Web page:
Mayor, Chamber of Commerce to honor Small Business Saturday

NORWALK, Conn. — Norwalk will join the push to encourage people to patronize local businesses on Small Business Saturday” Nov. 30. Norwalk Mayor Harry Rilling and the Greater Norwalk Chamber of Commerce remind all area shoppers that the day is “a day of national recognition and participation in patronizing small business, and the businesses residing in our local areas.”

“In this season of thanks, we are indeed grateful to our small business community for all their contributions,” Rilling said in a pess release. “These businesses collectively employ many, many people, and they support the local community in myriad ways. Let us please keep small business in mind as we shop this holiday season.”

Chamber President Edward J. Musante, Jr. added, “Small business is not only the backbone of our economy, but also constitutes the majority of our Chamber membership. We hope everyone will be cognizant of small business as they make their holiday purchases—and purchases for services and goods any time of year.”



4 responses to “Mayor, Chamber of Commerce to honor Small Business Saturday”

  1. Pibermanf

    Would that it be true that locally owned small business were the backbone of our business community. Big Box City changed that forever. It will take some powerful tax and subsidy initiatives to restore those glory days and take down the welcome sign for Big Boxes. Appointing a Small Business Development Office with a highly capable Director would be a good first step.

  2. If their prices were in way reasonable, then yes, let’s support them. But from my experience shopping anywhere from SoNo to the Artist Market by the ice rink and everywhere in between, the prices they post are just unbelievable. Especially when you can find the same things for half the price elsewhere.

  3. TG

    @irishgirl, I totally understand what you are saying. It is very hard to justify paying so much more for a similar product elsewhere. And it’s equally hard for a small business owner to compete with big box prices. Over the last couple years, I’ve really started to think about ethical shopping, like who am I supporting from source to sale over the course of the production of the product. Like can I support something made in America versus made in China? Are people suffering somewhere in order for me to have this? And at the point of sale, is my money going more to my neighbors and our local economy or is it lining the pockets of wealthy executives somewhere. So, I try to maybe consume less or fewer items at a greater cost, but make my purchases “count” more, and just do the best I can with the rest. I mean, we have our own personal “economies” to think of too, so if we have to go to Target and Home Depot and What not to make do with our budgets sometimes then that’s what we have to do. Like I said, just the best we can do.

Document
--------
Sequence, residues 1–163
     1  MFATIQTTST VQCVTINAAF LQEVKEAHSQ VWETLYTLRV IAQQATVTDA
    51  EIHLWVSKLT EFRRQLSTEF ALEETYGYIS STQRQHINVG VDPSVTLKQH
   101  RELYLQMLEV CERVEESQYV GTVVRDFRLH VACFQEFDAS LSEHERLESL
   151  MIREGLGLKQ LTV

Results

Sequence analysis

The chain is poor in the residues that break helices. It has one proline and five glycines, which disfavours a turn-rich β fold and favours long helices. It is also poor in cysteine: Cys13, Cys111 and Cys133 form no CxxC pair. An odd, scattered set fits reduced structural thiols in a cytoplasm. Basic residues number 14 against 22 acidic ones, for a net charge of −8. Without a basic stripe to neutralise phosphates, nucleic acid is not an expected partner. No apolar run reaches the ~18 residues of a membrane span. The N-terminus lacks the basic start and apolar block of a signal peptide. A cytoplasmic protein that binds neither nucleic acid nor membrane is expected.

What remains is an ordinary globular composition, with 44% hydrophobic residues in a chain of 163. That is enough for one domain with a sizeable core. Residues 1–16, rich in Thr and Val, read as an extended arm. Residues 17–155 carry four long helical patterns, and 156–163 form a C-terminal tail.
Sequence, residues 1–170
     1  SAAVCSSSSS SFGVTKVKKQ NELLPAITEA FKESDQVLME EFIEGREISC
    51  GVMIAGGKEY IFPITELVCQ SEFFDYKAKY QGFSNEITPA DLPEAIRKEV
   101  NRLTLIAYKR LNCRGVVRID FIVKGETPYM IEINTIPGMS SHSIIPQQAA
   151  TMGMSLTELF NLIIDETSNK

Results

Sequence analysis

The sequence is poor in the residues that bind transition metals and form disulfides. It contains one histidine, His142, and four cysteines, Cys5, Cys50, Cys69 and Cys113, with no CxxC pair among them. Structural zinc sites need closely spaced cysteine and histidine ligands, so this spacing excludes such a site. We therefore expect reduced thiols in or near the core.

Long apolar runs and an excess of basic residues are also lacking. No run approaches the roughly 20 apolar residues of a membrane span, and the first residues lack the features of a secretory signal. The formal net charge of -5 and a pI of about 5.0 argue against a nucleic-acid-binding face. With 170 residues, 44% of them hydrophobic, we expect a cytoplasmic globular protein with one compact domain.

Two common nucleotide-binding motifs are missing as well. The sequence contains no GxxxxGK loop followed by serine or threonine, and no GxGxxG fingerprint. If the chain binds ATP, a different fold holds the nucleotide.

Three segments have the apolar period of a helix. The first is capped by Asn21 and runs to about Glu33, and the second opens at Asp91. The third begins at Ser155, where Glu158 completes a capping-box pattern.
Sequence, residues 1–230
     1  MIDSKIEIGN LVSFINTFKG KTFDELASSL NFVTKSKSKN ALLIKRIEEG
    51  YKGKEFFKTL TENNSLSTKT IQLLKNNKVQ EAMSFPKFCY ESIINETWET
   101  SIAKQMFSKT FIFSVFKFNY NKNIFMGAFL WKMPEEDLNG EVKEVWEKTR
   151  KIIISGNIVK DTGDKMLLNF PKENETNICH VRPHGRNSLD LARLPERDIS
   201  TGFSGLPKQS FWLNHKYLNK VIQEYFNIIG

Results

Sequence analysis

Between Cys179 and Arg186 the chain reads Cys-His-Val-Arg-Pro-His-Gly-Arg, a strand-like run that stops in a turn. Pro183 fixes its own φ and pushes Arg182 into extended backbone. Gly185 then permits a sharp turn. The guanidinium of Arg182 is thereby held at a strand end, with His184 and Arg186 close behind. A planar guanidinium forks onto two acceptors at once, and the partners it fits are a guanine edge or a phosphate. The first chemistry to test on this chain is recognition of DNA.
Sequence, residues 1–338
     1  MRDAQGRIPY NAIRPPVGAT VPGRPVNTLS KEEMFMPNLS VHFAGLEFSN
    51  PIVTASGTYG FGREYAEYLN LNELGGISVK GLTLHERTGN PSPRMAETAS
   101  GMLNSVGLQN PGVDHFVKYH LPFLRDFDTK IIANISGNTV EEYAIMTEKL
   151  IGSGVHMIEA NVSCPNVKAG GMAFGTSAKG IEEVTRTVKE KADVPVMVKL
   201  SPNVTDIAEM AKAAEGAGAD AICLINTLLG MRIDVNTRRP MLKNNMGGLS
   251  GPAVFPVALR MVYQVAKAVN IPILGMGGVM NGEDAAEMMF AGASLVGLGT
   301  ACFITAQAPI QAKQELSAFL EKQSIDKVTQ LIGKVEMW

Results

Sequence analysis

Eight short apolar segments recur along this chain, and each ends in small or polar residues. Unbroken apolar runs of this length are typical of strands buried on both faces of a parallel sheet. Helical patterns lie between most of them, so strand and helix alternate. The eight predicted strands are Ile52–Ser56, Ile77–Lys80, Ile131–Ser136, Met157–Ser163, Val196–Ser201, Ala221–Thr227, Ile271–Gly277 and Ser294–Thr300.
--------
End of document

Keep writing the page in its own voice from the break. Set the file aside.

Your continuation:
4. Oldtimer

    When we talk about small business versus big box stores, I am reminded of Dunne’s hardware in Liberty square. I first went there with my father as a small child so he could get something for his boat. We made several trips over several years and they always had what he needed and treated him, and me, as very valued customers. Many years later, with an aarp card in my pocket, I went back to buy supplies for a boat of my own and was greeted as if I had been a regular all that time, and got the same fine service and advice on which product would best suit my needs.
    Today, for the same level of service, although the folks at West Marine are very nice, I would go first to Rex marine and generally pay no more to deal with experts. The big box stores have more pervasive advertising, much larger spaces and displays, and very few people who know much about the products they sell. The big reason I go to big box stores, all over the country, is they all have large free parking lots. Those lots, required by local zoning boards, are the one big advantage the big box stores have.

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